The law defines “political activity” very broadly, to include: “engaging in… any form of political communication, including communications which mention the name of a political candidate.”

So…school teachers can’t talk to each other about which candidate their union endorsed, or who attacked teachers’ rights, when they’re on lunch break or in the break room or pissing in the men’s room, without fear of fine and imprisonment.  And certainly an administrator or senior teacher can’t tell junior teachers that they hope they’ll be out there at the rally in support of school funding.

When it comes to public employees mobilizing around politics, the law upholds a very strict standard.  But in the private sector, supervisors and owners telling their dependent subordinates how they should vote—which in pre-Citizens United law was treated as implicitly coercive because it would dissuade employees from wearing buttons, sporting bumper stickers or being seen at events of the opposition candidate—is no problem.  Like Stephen Colbert’s “I don’t see race,” the Kochs, the Chamber of Commerce, and ALEC “don’t see employer coercion.”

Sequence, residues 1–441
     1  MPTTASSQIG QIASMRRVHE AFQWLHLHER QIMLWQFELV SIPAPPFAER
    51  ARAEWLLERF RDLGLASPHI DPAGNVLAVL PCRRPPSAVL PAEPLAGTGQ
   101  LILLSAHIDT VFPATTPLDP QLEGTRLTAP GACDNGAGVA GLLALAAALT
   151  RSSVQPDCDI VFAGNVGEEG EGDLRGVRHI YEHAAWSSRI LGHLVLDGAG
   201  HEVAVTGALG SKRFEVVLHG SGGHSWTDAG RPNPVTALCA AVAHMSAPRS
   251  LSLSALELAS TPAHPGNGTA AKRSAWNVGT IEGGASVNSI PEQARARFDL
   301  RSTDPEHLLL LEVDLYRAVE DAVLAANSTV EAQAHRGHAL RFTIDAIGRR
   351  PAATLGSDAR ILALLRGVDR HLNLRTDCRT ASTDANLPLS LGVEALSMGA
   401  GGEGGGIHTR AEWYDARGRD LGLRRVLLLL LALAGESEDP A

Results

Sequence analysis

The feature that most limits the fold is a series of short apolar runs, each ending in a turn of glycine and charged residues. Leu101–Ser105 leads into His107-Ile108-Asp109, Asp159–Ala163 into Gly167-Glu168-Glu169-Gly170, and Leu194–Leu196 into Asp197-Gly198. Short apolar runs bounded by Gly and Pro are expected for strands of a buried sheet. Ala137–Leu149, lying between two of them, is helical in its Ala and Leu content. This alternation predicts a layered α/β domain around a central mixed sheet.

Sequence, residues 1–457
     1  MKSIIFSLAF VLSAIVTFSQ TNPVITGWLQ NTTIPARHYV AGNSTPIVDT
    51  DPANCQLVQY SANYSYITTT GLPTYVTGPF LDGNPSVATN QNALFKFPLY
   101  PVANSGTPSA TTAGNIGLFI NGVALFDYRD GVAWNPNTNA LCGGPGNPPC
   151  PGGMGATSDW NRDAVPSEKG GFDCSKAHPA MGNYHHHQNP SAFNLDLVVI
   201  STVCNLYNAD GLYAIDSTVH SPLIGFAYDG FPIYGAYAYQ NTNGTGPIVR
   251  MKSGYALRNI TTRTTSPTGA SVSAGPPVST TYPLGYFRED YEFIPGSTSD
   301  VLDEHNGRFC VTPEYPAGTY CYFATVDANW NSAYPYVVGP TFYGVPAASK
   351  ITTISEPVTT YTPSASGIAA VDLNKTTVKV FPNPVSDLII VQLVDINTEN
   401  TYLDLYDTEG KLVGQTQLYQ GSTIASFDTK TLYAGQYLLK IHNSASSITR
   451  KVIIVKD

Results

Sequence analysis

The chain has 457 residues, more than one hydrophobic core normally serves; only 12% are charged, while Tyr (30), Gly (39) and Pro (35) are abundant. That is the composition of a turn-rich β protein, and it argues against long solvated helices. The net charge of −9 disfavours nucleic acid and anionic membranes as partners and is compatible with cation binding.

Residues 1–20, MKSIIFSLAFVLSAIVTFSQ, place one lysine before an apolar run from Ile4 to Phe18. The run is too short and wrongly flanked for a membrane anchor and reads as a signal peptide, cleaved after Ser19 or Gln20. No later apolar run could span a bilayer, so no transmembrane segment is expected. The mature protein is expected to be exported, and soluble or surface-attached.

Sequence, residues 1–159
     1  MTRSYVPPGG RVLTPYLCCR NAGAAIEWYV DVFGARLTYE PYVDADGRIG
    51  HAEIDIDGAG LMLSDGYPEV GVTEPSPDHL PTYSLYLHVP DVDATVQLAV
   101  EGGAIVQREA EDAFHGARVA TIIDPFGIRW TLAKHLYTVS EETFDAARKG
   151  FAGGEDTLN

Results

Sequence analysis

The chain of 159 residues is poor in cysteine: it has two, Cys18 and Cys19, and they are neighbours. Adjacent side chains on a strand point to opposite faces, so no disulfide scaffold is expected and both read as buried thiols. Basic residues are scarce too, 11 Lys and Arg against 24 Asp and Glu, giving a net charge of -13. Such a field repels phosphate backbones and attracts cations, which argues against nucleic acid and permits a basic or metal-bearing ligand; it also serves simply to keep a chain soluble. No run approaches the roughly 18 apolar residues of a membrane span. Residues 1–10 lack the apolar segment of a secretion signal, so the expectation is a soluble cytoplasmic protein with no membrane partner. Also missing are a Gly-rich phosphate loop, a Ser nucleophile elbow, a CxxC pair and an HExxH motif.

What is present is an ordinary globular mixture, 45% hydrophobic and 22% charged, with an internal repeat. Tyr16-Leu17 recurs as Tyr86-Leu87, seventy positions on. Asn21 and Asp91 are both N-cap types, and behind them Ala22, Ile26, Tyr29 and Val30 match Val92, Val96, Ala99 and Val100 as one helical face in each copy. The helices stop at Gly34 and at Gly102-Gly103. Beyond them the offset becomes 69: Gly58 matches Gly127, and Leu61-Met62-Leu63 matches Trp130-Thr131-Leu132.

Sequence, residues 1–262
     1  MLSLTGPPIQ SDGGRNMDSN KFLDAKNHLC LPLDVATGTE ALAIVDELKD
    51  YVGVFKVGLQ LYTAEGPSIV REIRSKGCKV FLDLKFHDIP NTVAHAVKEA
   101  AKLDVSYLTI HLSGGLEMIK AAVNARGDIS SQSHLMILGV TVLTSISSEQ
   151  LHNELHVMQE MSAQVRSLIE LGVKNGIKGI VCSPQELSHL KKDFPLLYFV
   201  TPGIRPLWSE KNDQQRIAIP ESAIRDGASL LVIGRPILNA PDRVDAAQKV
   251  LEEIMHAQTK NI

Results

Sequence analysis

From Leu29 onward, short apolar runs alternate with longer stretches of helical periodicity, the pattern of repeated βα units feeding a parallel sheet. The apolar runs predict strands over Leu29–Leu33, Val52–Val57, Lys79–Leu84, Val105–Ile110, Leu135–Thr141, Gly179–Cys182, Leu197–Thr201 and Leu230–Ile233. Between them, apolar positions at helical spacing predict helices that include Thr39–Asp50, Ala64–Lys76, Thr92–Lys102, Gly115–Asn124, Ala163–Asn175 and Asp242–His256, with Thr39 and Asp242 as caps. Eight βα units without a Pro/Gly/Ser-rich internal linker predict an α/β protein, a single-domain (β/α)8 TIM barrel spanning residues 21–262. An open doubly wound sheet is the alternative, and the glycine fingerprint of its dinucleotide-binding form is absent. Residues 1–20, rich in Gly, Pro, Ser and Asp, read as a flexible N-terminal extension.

When I asked Gordon to clarify the Kochs’ role in the Alabama law, he wrote back:

The bill was co-sponsored by Alabama Senate Majority Leader James Waggoner, a member of ALEC.  It was trumpeted as a key bill by the National Right to Work Committee and supported by the Alabama Policy Institute, a local ALEC-affiliated think tank.  Both ALEC and the NRTW Committee receive financial support from the Koch brothers.  That’s all the smoking gun there is.  But the Kochs support things like this more explicitly in other states. Americans for Prosperity, the most clear-cut Koch vehicle, doesn’t have an Alabama chapter, but in Arizona was a key backer of another bill banning union dues deductions if those deductions were used for broadly construed “political” purposes.

The Koch Brothers Read Hayek

15 Oct

One of the things Hayek disliked about Social Security was that it gave the government—in this case, the agencies responsible for collecting and dispensing Social Security—a ready-made vehicle for the dissemination of propaganda. Particularly propaganda on behalf of Social Security.